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Healthcare Associated Infections (HAIs)

Healthcare associated infections (HAIs) are infections that patients develop during the course of receiving healthcare treatment for other conditions. They can happen following treatment in healthcare facilities including hospitals as well as outpatient surgery centers, dialysis centers, long-term care facilities such as nursing homes, rehabilitation centers, and community clinics. They can also occur during the course of treatment at home. They can be caused by a wide variety of common and unusual bacteria, fungi, and viruses.

HAIs are the most common complication of hospital care, occurring in approximately one in every 20 patients. The following HAIs occurring in hospitalized patients are required to be reported to the California Department of Public Health by all California general acute care hospitals: 

Information and Current Reports 

  • Central Line-associated Bloodstream Infection (CLABSI) -- is a primary laboratory confirmed bloodstream infection in a patient with a central line at the time of (or within 48-hours prior to) the onset of symptoms and the infection is not related to an infection from another site. For more information about CLABSI see CLABSI Information Page and for CLABSI report see 2012 CLABSI Report Page
  • Methicillin-resistant Staphylococcus aureus (MRSA) Bloodstream Infection (BSI) -- Methicillin-resistant Staphylococcus aureus (MRSA) is a type of staph bacteria that is resistant to certain antibiotics called beta-lactams. These antibiotics include methicillin and other more common antibiotics such as oxacillin, penicillin, and amoxicillin. In the community, most MRSA infections are skin infections. More severe or potentially life-threatening MRSA infections occur most frequently among patients in healthcare settings. For more information about MRSA, see MRSA Information Page and for the MRSA report see 2012 MRSA and VRE Bloodstream Infection (BSI) Report Page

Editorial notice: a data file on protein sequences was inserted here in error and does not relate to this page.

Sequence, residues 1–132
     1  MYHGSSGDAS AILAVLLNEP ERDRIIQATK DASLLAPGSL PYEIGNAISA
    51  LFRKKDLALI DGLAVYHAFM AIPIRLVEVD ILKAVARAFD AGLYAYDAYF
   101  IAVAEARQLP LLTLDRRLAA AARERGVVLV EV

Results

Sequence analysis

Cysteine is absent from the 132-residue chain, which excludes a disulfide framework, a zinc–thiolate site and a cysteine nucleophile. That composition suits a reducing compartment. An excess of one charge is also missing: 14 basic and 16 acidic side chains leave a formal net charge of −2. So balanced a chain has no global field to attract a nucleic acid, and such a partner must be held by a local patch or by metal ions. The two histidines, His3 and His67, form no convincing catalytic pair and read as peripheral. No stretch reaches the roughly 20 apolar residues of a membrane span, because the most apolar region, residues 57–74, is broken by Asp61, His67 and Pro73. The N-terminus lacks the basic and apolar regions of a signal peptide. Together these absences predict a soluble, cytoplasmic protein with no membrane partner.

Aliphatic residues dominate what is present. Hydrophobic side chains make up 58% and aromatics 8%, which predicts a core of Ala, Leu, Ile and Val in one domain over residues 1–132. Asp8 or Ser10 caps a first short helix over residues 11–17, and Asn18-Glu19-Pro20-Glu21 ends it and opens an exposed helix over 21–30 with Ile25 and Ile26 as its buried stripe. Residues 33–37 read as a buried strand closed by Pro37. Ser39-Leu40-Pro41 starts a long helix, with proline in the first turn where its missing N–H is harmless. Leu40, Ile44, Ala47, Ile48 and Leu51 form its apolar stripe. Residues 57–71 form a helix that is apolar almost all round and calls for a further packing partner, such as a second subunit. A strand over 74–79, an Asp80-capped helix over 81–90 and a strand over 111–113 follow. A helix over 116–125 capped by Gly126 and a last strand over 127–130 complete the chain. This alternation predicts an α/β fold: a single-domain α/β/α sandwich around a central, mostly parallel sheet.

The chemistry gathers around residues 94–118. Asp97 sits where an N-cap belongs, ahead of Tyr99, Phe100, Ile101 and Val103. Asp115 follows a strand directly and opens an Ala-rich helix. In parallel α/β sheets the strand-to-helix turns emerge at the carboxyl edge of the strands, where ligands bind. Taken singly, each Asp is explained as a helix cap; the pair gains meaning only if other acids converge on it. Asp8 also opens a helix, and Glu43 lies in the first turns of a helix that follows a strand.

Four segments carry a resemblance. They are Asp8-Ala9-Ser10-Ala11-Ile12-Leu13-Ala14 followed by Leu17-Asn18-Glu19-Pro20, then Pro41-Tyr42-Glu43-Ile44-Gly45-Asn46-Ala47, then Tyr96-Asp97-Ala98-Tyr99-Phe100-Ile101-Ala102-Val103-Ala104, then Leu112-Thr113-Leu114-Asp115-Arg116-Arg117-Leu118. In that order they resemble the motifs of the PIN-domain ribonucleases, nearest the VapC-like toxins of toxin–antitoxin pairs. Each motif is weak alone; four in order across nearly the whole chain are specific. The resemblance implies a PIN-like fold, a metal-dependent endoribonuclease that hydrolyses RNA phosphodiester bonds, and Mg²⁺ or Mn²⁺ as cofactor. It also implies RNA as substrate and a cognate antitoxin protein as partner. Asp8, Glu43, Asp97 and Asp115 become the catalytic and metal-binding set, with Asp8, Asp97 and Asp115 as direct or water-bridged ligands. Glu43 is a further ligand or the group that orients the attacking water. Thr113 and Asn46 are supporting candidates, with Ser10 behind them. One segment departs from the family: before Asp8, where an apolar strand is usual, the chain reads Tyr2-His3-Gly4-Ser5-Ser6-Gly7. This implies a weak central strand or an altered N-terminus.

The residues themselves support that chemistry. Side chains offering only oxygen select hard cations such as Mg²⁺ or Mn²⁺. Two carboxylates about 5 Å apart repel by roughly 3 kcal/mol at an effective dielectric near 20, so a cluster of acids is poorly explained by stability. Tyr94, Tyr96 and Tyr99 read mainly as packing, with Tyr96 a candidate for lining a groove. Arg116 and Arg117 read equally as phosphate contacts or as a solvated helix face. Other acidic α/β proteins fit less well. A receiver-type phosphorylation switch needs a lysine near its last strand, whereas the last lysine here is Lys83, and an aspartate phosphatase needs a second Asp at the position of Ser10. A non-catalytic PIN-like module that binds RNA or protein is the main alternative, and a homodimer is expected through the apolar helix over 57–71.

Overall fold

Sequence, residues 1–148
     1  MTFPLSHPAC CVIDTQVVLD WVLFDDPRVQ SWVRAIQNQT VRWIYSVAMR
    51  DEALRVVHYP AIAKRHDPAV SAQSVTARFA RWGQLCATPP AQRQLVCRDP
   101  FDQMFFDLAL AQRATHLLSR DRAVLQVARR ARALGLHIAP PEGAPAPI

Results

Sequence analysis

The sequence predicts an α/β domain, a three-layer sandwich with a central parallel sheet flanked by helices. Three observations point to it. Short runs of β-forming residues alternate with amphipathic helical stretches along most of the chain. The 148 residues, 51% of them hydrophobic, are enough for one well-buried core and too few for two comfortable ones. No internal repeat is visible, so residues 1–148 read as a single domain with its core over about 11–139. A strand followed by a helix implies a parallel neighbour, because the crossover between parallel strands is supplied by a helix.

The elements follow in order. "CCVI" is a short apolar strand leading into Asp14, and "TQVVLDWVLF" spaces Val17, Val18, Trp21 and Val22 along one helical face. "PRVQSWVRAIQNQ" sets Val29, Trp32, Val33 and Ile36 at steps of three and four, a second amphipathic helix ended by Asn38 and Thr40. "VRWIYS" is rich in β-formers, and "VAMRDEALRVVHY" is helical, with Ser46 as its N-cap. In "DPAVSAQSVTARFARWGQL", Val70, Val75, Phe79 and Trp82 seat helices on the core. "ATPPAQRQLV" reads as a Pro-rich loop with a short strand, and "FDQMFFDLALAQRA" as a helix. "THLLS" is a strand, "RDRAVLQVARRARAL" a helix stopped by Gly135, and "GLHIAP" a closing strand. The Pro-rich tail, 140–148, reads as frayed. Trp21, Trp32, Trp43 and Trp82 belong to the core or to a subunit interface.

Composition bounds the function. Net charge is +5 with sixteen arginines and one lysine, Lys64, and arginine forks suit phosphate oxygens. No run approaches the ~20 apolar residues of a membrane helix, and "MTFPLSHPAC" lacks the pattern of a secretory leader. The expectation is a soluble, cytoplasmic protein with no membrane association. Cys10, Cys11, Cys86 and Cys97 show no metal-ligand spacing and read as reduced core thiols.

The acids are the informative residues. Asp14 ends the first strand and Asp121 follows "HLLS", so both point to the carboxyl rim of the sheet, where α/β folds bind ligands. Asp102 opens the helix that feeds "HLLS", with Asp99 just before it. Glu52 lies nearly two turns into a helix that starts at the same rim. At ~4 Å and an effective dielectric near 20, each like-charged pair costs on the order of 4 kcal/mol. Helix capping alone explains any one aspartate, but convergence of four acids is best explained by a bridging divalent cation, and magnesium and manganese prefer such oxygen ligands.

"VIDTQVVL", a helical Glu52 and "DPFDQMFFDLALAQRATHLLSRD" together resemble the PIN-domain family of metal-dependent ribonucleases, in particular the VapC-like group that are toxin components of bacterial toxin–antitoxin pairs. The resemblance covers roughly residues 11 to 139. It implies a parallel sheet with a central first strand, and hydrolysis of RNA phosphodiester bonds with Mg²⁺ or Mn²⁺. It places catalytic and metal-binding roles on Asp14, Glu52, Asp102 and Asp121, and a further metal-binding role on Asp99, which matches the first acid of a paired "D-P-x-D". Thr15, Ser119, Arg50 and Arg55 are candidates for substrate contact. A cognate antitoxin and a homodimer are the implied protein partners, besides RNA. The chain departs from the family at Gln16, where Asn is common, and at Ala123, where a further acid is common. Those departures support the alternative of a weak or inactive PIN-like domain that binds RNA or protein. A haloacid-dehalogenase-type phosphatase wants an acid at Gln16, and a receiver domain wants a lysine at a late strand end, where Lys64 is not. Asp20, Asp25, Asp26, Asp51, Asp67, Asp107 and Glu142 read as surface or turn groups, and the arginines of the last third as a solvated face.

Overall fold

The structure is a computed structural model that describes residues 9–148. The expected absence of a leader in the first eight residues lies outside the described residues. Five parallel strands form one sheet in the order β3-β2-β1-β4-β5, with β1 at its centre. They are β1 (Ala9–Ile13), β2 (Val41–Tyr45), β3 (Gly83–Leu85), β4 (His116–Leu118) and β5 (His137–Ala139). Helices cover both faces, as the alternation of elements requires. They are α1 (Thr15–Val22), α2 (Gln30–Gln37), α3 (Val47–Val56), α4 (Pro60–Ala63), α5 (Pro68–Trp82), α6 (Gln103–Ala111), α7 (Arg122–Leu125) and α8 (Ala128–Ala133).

• Vancomycin-resistant Enterococci (VRE) Bloodstream Infection (BSI) -- Vancomycin-resistant enterococci are specific types of antimicrobial-resistant bacteria that are resistant to vancomycin, the drug often used to treat infections caused by enterococci.  Enterococci are bacteria that are normally present in the human intestines and in the female genital tract, and are often found in the environment. These bacteria can sometimes cause infections. Most vancomycin-resistant Enterococci infections occur in hospitals. For more information about VRE see VRE Information Page and for VRE report see 2012 MRSA and VRE Bloodstream Infection (BSI) Report Page
  • Clostridium difficile Infection (C. difficile, C. diff, CDI, CDAD) -- Clostridium difficile is a bacterium that may develop due to the prolonged use of antibiotics during healthcare treatment. Clostridium difficile infections cause diarrhea and more serious intestinal conditions such as colitis. Clostridium difficile can cause gastrointestinal infection; patients can be exposed to this bacterium through contaminated surfaces or the spores can be transferred on unclean hands of others. For more information aboput CDI, see CDI Information Page and for the CDI report, see 2012 CDI Report Page
  • Surgical Site Infection (SSI) -- A surgical site infection is an infection that occurs after surgery in the part of the body where the surgery took place. Surgical site infections can sometimes be superficial infections involving the skin only. Other surgical site infections are more serious and can involve tissues under the skin, organs, or implanted material.  For more information about SSI, see SSI Information Page and for SSI data release, see 2012 SSI Report Page 
  • For a PDF version of the reports (key findings, technical notes and tables) see the following:

    Last modified on: 11/27/2013 2:42 PM